Incidental Inclusion of Copyright Material
As a filmmaker, if you thought that any third party's intellectual property appearing in the background of your scene is completely okay for you to shoot the scene and publish your film containing the same, then you'd have to think twice, more so if you are an Indian filmmaker.
Even if you considered that such third party copyright work is appearing for a fraction of a second, let's say if a lay person's photograph is used in a photo album that a lead actor is going through, or if the lead actor is browsing through a magazine that contains a third party model's image in it, you could be potentially in violation of Indian copyright law, unless prior permissions and releases are obtained. Read on to know more
1.1 Importance of Film’s Strategic Presentation
In the film making process, every scene is strategically picturized to convey the filmmaker’s intent to the audience. To convey the intent clearly, acting by the lead and subordinate cast is not enough; the set designs, locations, props, dresses, etc., play a vital role. For instance, in the Harry Potter franchise, if the lead character Harry Potter were to be shown running around wearing a clown dress, then the audience could find it humorous, and the serious intent of a particular scene would be lost. Thus, strategizing a film’s presentation is an essential aspect of producing a good film.
1.2 Strategies to Avoid Infringement Claims
1.2.1 Under the prevailing copyright regime worldwide, filmmakers are obligated to ensure that they do not infringe any third-party copyright while producing or exploiting their films. Filmmakers hire prop masters, costume designers, painters, construction coordinators to strategically prepare film sets, scout shooting locations, props, dresses, etc., to ensure that no third-party copyright infringement claims are raised. Yet sometimes, there are instances where incidental inclusion can give rise to copyright infringement claims. In 1965, a case was filed in New York City claiming copyright infringement for showing handmade puppets in a television program known as ‘The Captain Kangaroo Show’. Yash Raj Productions was sued by Mr. Suneet Varma claiming copyright in a dress worn by Rani Mukherjee in the film ‘Bunty Aur Babli’.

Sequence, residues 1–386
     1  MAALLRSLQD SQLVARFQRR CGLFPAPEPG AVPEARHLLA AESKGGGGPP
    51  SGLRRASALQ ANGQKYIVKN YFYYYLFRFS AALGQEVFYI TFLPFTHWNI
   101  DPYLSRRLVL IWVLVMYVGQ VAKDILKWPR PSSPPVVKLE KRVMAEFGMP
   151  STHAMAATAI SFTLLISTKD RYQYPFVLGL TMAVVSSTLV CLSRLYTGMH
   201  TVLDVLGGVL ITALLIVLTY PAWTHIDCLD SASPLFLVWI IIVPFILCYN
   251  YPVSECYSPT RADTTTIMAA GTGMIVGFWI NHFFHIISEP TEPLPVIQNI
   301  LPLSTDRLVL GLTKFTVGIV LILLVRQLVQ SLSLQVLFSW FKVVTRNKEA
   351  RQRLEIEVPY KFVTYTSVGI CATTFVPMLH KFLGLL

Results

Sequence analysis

1.2.2 The challenge for film-makers is that for various operational reasons, it is not feasible to create new materials, props, etc., to showcase the filmmaker’s intent. For that reason, while using third party brands or props, filmmakers resort to the usage of a small notice or brand masking in film scenes so that third-party copyright claims can be avoided. For example, we have seen application of black paint on the packaging of household appliances in Tarak Mehta Ka Ulta Chashma, during scenes that showed the lead character’s business of selling electronic appliances. Not doing so could have resulted in third party’s infringement claims for showing their brands without permission or for wrongfully associating the show with the said brand.
2. Protection for incidental inclusion
2.1 Legislative Understanding of Incidental Inclusion
2.1.1 The process of filmmaking frequently uses third-party copyrighted works like paintings, architecture, etc., that are visible in the background because of their permanent placement in publically accessible places which are captured in a frame while shooting scenes. Several jurisdictions protect filmmakers against copyright claims against incidental inclusions of such copyrighted works which become part of a film even though they were not part of the screenplay. Think of a scene where lead actors are walking down a public street, where multiple brand outlets or publicly installed artistic works could be visible and therefore incidentally get included in a film.
2.1.2 In India, section 52(1)(u) of the Copyright Act, 1957 states that inclusion of artistic works in cinematography films shall not amount to infringement of copyright if such works (i) are permanently situated at a place or premise accessible by the public; or (ii) are included in the background or are merely incidental. Similarly, in the UK, section 31 of the Copyright, Design, and Patents Act, 1988 protects incidental inclusion of copyrighted work.
2.2 Difference between Indian and UK law
2.2.1 In India, the protection of incidental inclusion is limited to the use of artistic work in a cinematography film. As per section 2(c) of the Copyright Act, 1957, ‘artistic work’ means painting, sculpture, drawing, engraving, photograph, architecture, or any other artistic work. In Gramophone Company of India Ltd. vs. Super Cassette Industries Ltd. Delhi High Court clarified that under no circumstances, a third-party’s literary, dramatic, or musical works or sound recordings could be included in cinematography films without proper approval or license from the copyright owner.